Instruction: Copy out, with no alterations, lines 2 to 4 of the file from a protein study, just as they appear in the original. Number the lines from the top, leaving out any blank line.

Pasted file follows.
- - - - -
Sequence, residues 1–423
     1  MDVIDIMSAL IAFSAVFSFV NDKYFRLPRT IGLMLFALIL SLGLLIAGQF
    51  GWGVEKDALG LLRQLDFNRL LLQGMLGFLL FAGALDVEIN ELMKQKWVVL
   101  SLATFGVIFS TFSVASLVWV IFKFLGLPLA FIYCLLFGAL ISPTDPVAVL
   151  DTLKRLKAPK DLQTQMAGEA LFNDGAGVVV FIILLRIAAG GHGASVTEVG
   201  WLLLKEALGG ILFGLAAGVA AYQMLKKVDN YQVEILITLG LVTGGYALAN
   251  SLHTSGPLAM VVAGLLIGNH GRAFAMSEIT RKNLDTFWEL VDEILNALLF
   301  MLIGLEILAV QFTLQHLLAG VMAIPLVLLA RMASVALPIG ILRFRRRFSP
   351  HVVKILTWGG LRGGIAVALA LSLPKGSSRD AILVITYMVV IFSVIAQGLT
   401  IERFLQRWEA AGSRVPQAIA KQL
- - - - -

     1  MDVIDIMSAL IAFSAVFSFV NDKYFRLPRT IGLMLFALIL SLGLLIAGQF
    51  GWGVEKDALG LLRQLDFNRL LLQGMLGFLL FAGALDVEIN ELMKQKWVVL
   101  SLATFGVIFS TFSVASLVWV IFKFLGLPLA FIYCLLFGAL ISPTDPVAVL